Just three examples of insensitivity and perceived cultural appropriation that have been criticised in high fashion over the last few years.
When Dolce & Gabbana faced backlash after posting videos of a Chinese model trying to eat pasta and pizza with chopsticks as part of its Shanghai campaign, its co-founder Domenico Dolce promised to do better.
Gucci said it would turn its blackface jumper incident last year "into a powerful learning moment for the Gucci team".
And while Comme Des Garçons' hair stylist Julien d'Ys has apologised and said it was "never my intention to hurt or offend anyone" after showing white models with cornrows, the incident is the latest talking point in the fashion industry.
'They did the research'
There are parallels between the Comme Des Garçons incident and one from 2015 - according to Lauren Indvik, fashion editor at the Financial Times - when a Valentino collection that was supposed to be a tribute to Africa featured predominantly white models and clothes made in Paris.
Maria Grazia Chiuri was the creative director of the fashion house at the time and received criticism for featuring fewer than ten black models in the show.
But the Italian designer, who is now in charge of Dior, has been perceived as making strides in representing cultures from around the world.
Her show in Marrakech was widely praised for its attention to detail - from employing an expert on African textiles to including benches with cushions embroidered by local weavers for guests to sit on.
Lauren says its success came down to following a model.
"They did the research and worked with local artists and curators - who gave a series of talks at the show - so people could really understand and educate themselves," she tells Radio 1 Newsbeat.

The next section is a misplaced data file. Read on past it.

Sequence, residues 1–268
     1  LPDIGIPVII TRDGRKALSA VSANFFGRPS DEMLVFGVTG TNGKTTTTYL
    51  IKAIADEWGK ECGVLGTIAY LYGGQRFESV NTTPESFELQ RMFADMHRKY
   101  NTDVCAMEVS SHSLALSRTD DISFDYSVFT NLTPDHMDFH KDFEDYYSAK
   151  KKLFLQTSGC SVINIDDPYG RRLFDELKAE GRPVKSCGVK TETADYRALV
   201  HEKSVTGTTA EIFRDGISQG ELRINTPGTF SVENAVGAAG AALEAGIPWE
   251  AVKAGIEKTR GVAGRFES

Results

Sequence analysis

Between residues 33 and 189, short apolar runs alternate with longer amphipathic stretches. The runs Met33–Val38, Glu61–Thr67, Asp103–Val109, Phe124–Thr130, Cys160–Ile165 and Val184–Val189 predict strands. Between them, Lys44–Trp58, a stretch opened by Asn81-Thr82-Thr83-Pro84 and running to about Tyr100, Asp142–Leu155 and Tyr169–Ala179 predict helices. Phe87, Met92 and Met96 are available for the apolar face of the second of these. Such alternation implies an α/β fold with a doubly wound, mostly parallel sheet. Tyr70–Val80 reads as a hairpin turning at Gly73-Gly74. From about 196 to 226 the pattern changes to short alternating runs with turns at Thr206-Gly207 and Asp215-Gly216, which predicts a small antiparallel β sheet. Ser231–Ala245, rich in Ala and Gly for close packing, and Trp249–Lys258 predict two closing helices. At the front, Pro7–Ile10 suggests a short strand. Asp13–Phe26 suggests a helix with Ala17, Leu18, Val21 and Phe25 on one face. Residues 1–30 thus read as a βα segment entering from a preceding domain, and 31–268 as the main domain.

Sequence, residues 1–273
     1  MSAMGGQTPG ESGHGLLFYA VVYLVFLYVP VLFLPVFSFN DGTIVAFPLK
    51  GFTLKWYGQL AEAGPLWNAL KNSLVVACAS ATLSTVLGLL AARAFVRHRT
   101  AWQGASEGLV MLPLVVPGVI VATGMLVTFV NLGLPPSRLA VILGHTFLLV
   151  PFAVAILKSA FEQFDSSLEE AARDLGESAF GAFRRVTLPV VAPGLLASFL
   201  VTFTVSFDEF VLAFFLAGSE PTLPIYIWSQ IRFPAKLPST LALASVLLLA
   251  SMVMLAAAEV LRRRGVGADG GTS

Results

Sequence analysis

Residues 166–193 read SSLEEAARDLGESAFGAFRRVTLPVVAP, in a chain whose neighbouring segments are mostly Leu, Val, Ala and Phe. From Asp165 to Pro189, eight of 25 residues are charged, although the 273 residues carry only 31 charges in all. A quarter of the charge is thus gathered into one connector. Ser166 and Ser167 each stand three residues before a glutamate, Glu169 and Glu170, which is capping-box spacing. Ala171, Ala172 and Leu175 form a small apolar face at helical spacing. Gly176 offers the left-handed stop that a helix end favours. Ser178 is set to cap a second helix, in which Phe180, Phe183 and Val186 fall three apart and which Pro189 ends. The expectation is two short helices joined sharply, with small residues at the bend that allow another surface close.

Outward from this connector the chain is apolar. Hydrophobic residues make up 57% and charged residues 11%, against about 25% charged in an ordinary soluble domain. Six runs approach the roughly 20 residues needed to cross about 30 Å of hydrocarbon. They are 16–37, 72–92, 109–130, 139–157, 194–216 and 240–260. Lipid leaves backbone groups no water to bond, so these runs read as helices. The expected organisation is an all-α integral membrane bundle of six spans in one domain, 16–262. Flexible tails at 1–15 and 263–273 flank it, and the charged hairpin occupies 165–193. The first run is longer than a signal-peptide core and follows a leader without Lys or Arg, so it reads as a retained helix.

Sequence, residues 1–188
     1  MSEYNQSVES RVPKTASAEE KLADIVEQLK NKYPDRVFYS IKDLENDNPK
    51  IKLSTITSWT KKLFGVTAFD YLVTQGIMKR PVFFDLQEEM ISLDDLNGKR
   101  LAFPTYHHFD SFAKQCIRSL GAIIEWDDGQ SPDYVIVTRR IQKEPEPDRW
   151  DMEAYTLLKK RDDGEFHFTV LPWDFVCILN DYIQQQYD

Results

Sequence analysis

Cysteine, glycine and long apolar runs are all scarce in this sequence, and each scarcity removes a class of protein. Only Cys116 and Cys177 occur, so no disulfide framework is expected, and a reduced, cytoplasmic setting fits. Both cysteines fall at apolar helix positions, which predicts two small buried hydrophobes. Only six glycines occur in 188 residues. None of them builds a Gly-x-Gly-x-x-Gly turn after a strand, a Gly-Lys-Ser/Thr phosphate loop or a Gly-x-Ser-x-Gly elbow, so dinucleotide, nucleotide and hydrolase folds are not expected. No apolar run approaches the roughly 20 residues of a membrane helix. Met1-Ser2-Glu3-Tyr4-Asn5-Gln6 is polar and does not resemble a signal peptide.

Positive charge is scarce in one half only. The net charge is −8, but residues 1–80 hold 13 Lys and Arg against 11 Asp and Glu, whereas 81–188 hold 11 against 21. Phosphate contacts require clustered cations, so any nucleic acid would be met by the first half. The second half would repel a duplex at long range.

Accusations of cultural appropriation are nothing new - but the age of social media has created a lot more conversations about what's acceptable in fashion.
"There wasn't the same visibility and awareness and dialogue around cultural appropriation years ago, but the internet has made it so much more visible," Lauren says.
"But I think the industry has really woken up to this and there's been a real effort at being educated and appointing diversity councils.
"I think there's now a focus on recruiting for diversity that probably wasn't there three or four years ago."
She cites Ralph Lauren as the best at implementing this model as the fashion house has "diversity and inclusion officers at every level of the organisation and within every team".
"You need to start by having a diversity council - brands like Chanel also have one and that's a really good step. You have to figure out what the problem is before you start solving it."
Lauren says if every company had a similar model and team approving decisions - from what materials are used for clothes to what language is used on social media - there would be fewer issues.
"Only when you have that perspective can you start to serve customers better and challenge the way you've been doing things forever," she adds.
It's not just high fashion brands that have hit the wrong tone when it comes to respecting different cultures.
"With fast fashion brands we're dealing with a lot more basic items - if you walk into Zara you're going to find lots of jeans, blazers and ankle boots.
"It's very different to runway collections - designers travel and get inspired and want to do collections around themes and tell stories so I don't think fast fashion is more diverse or better, they're just creating different kinds of products," Lauren says.